“Makoko is situated next to a large bridge, one of Lagos’ main transportation throughways. Its convenient location makes it an attractive proposition for property developers, and has substantially increased its value. It is Makoko’s poorest who must pay the heaviest price for this,” the organisation says.

In Nigeria, however, both officials of the Federal Government and state governments that have undertaken forceful evictions have said that they did so because buildings were erected on drainages and other unauthorised locations.

The report stresses that forced evictions are a violation of international law but that governments justify them on the grounds that they are essential for the development of infrastructure or in preparation for international events. “The tragic outcome in most of these cases is that the poorest and most vulnerable members of society are placed at even a greater risk. Across Africa, hundreds of thousands of people each year are forcibly evicted. They are removed from their homes without notice or compensation and in many cases are left homeless, stripped of their possessions. Often, they are displaced far from sources of clean water, food, sanitation, livelihood or education,” the study says.

The authors say forced evictions are particularly common in Africa. They say, “In Sudan, approximately 1,800,000 people, driven from their homes by prolonged conflict, face forced eviction from camps around the capital, Khartoum. They are often left on barren land in the desert.

“In Ghana, hundreds of residents from the Dudzorme Island (in the Digya National Park) were forcibly evicted from their homes in 2006. On 8 April, some victims were reportedly forced into an overloaded ferry, which subsequently capsized, leaving around 30 people dead according to official sources, while many may never be accounted for.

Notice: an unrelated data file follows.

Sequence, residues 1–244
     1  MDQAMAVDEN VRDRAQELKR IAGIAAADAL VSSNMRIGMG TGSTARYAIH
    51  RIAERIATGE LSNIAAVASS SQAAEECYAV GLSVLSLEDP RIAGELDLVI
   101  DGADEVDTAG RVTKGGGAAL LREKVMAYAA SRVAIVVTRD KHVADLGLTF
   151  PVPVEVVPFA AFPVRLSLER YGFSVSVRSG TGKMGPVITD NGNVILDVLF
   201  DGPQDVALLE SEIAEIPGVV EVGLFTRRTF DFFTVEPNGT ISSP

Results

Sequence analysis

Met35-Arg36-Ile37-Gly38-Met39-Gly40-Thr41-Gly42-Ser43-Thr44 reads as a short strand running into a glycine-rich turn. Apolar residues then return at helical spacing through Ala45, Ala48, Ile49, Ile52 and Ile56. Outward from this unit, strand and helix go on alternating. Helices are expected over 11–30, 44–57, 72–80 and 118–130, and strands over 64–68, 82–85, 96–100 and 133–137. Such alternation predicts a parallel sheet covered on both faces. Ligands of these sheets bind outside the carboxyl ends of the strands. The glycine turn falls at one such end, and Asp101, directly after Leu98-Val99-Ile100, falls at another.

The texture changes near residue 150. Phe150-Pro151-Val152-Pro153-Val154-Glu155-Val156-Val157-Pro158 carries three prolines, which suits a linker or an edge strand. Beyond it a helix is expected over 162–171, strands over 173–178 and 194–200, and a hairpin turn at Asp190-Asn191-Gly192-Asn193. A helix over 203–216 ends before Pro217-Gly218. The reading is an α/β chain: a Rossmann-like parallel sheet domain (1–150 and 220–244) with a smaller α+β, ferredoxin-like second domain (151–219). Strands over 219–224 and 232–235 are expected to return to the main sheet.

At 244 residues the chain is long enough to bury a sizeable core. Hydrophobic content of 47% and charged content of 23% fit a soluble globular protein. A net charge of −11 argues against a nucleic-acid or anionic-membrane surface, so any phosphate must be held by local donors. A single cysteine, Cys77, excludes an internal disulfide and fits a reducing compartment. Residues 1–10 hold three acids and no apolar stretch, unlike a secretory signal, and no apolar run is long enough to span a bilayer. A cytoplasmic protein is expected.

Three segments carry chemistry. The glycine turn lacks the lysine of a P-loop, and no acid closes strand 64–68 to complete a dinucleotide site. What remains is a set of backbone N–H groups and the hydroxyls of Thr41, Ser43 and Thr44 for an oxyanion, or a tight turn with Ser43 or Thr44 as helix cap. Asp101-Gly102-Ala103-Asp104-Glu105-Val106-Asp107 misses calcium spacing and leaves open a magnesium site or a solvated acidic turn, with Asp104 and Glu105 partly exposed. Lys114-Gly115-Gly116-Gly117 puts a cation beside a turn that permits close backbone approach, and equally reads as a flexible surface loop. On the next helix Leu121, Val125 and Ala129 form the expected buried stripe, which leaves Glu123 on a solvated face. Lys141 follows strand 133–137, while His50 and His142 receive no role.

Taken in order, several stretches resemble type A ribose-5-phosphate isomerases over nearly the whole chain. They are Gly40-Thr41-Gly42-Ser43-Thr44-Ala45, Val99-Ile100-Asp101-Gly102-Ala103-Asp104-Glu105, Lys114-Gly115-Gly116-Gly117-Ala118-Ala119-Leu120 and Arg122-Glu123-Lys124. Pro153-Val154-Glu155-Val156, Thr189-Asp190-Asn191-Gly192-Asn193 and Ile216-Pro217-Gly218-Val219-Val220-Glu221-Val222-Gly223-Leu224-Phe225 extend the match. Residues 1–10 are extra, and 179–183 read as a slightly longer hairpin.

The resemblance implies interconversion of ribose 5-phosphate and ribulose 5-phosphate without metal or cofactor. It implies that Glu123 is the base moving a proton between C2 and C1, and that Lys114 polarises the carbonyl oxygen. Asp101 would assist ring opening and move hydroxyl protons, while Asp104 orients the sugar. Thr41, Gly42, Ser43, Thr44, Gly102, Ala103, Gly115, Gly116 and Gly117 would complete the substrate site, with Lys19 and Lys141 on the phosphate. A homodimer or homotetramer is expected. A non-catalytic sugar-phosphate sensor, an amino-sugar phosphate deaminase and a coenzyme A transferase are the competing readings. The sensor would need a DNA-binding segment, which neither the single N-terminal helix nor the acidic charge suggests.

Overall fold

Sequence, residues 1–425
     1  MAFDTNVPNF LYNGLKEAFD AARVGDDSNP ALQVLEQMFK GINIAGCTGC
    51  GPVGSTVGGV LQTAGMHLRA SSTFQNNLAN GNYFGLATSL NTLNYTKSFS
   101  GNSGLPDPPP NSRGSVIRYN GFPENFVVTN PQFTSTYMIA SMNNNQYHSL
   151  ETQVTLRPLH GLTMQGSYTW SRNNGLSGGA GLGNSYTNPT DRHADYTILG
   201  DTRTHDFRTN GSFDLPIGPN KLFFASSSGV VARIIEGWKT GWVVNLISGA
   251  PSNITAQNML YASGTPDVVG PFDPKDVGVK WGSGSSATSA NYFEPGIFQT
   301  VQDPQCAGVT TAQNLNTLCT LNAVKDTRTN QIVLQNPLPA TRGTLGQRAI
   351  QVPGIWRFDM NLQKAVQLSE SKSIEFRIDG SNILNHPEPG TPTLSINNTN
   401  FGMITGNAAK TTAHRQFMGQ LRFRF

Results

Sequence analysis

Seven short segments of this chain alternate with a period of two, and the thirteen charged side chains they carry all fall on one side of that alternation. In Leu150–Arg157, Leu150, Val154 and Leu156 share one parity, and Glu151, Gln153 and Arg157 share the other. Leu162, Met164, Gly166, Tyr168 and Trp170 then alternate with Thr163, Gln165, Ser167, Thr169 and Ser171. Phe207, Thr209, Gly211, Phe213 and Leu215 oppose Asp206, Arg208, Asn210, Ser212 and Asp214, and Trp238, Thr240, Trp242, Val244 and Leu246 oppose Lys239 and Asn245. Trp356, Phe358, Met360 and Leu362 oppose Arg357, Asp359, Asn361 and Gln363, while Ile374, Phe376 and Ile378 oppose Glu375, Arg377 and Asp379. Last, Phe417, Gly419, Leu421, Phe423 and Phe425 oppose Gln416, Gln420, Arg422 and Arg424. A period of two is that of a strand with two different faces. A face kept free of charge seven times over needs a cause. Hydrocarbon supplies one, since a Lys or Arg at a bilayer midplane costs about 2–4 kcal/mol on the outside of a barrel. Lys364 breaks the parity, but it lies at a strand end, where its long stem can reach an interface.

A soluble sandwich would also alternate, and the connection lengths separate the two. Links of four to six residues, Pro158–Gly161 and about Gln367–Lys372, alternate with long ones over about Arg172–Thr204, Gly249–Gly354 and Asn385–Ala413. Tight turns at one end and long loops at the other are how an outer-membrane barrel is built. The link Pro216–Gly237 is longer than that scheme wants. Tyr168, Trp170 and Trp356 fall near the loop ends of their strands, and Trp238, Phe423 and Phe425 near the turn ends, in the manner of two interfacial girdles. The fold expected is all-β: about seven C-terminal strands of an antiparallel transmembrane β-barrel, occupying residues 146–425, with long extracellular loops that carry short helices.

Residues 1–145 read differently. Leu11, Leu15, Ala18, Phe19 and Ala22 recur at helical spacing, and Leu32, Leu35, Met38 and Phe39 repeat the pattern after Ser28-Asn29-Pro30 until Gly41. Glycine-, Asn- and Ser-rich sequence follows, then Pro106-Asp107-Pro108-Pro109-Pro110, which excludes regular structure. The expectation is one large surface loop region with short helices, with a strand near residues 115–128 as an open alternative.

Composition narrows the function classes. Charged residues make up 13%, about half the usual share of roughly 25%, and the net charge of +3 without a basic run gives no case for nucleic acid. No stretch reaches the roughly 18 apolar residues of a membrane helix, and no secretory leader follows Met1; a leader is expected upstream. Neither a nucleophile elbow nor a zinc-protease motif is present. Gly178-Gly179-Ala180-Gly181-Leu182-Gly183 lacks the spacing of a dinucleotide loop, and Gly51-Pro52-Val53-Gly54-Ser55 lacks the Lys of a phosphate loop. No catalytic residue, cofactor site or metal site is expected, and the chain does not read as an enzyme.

“In the last year in Kenya, tens of thousands of people, including indigenous peoples, were violently evicted from forests with no resettlement arrangement. Many informal settlements in the capital, Nairobi, have been subject to intermittent demolitions. However, Kenya is adopting guidelines to prevent and remedy forced evictions. Forced evictions in Angola’s capital, Luanda, since 2001 have left thousands of people homeless when their homes were destroyed. Police and security guards have shot at, beaten and kicked residents, including pregnant women, and arrested those who tried to resist the evictions.”

The organisations call on the African Commission to adopt a resolution condemning widespread forced evictions in Africa and to call on African governments to acknowledge that adequate housing is a human right, and to publicly commit to an immediate halt to forced evictions.

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Comments (3)

Abieyuwa(Edo, Nigeria)says...

Otasowie means evening life is better than morning life. There is an error in your “evening life is better than evening life”?

Naija g(Houston, Minnesota, US)says...

Sokari doesn’t mean joy. Joy is Biobela. Go to the village and ask the meaning of the name.

Fay(Katy, Texas, US)says...

Actually translates to bravehearted.